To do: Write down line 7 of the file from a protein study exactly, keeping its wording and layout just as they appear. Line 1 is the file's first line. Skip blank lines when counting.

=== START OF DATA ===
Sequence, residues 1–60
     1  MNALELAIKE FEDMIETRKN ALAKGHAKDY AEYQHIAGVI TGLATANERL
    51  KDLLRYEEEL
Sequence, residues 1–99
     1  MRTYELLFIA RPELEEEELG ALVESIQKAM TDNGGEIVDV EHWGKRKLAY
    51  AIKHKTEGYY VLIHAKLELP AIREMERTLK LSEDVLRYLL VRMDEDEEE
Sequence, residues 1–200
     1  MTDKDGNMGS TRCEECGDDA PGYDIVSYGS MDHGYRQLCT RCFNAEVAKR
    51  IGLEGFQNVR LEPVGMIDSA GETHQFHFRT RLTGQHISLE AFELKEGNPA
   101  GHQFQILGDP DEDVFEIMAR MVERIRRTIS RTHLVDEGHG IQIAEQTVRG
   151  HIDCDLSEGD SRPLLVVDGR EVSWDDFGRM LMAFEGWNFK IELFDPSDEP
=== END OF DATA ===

Sequence, residues 1–200